Scanner/Recorder *
Wire Remover*
* entry level with appropriate qualifications

Evidently I want a job in the Production of 3D animation, I know this is where I am strongest, I do enjoy making concept art to help with my work however Post Production compositing does not interest me, mostly because I do not have the eye for colour.

I really want to get into the games industry in my career, so I started looking on Gamasutra for job openings. However, I found that all of the animation jobs did not mention rigging, which is interesting as the two are so closely linked. When I searched for 'Rigging' the results that came up were for Technical Artists:

I then looked on the Lucasfilm website as this is my dream company, and where I hope to work after a few years in the Industry.

It seems that in bigger companies like this it is not necessary to have all the skills for rigging and animating, as they will have different people for the jobs. I know I want to be an Animator, but I do enjoy rigging and think it will help my animation, so it may be better for me to aim to start at a smaller company where they made need the extra skills and I will be a more desirable candidate. This is because I do not want to really become a Technical Artist and disregard my animation because that is my passion. I would really prefer to be an Animator and continue with my rigging skill set in my spare time.

I know I am not ready for the Industry with my rigging anyway because I have only just started to learn it, but I feel if I do not rest now and continue to practice on different models throughout the rest of my final year I will be ready by the time I leave University.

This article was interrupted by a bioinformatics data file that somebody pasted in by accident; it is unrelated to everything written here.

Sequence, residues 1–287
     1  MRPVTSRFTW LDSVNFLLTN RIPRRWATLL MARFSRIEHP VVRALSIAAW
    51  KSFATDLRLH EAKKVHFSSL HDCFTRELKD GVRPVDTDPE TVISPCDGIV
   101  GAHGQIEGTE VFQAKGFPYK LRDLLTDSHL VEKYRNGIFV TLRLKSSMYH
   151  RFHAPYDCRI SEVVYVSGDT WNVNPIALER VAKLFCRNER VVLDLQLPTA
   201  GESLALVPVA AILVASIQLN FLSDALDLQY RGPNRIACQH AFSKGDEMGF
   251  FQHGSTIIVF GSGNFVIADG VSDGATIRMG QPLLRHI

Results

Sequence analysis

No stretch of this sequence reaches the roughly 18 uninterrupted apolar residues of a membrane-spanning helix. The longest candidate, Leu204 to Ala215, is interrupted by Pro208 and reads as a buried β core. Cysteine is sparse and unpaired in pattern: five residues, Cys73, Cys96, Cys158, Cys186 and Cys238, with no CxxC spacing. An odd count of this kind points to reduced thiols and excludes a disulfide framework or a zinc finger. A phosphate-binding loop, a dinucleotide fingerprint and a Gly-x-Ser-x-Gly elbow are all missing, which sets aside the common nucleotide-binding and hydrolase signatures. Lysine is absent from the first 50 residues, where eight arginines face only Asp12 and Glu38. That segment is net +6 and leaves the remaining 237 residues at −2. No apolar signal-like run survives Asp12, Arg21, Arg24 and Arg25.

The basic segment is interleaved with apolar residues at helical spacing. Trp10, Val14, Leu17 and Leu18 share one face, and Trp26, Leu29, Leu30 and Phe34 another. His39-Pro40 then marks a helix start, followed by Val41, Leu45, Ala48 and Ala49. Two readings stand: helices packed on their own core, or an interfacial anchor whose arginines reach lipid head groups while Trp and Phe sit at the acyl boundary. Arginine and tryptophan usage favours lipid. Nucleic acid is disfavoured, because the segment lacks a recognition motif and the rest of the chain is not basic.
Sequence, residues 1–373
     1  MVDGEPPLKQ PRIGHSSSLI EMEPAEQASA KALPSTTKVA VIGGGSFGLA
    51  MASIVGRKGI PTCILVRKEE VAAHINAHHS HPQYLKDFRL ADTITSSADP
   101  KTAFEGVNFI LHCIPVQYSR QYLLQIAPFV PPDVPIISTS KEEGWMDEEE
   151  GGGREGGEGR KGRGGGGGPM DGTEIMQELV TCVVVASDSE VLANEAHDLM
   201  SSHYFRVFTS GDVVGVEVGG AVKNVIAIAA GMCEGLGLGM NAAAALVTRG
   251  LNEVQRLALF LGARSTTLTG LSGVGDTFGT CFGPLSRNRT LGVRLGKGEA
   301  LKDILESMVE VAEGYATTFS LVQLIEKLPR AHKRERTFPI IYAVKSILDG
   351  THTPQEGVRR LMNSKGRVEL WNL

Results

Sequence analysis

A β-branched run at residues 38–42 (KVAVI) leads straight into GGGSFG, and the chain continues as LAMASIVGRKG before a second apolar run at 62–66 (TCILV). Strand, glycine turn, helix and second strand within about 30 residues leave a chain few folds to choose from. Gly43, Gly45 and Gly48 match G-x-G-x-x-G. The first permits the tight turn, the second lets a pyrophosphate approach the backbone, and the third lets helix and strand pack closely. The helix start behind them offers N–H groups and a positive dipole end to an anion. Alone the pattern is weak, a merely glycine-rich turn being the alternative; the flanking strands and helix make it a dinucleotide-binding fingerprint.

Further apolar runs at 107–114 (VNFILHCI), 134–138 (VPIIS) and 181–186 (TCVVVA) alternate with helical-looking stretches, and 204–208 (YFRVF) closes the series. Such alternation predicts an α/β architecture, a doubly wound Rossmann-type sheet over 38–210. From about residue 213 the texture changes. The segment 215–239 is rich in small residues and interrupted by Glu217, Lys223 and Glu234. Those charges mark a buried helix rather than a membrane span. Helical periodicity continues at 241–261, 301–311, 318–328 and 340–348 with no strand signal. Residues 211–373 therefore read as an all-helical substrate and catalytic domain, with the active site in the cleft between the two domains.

Expression Tests

As a final part of advancing my skills this term, I thought I would do a couple of quick tests to check how well my Blend Shape models work.

I found this image on Google to use as reference:

I think they work rather well for my first attempts at Facial Rigging. I did realise by doing them that I have improved my skills somewhat as I did not complete many eyebrow movements in the Melvin rig, although I do need to add to the nose movements of the second rig.

More Water Tests

I have been looking into effects work as well this term, and I wanted to do a few more tests with water.

I also found this water dynamic tutorial on using Softbodies to make the wave movement:



I do like the movement of this water, I think if I toned down the turbulence then perhaps it could be used. My only reservation is that there is not much detail on the surface and this may get lost in the style of film we are using for Snatched.

This could probably be rectified quite easily, but as I am party colour blind I am not the best person for the job. Perhaps a texture could be applied to the water to make it look more cartoony?

In this next instance, I used a cloud texture in order to create a more cartoony look, as I think this is more suitable to the look of our film and realistic water will not be needed. This will also render faster than using dynamics for example.

In order to make the water look like it is moving, I simply animated the texture. You can see the results below:


I tried adding a light to see how this would look. It is only a simple point light, but it would be interesting to see how different lights make the water look and changing the Opacity and reflection of the Blinn shader.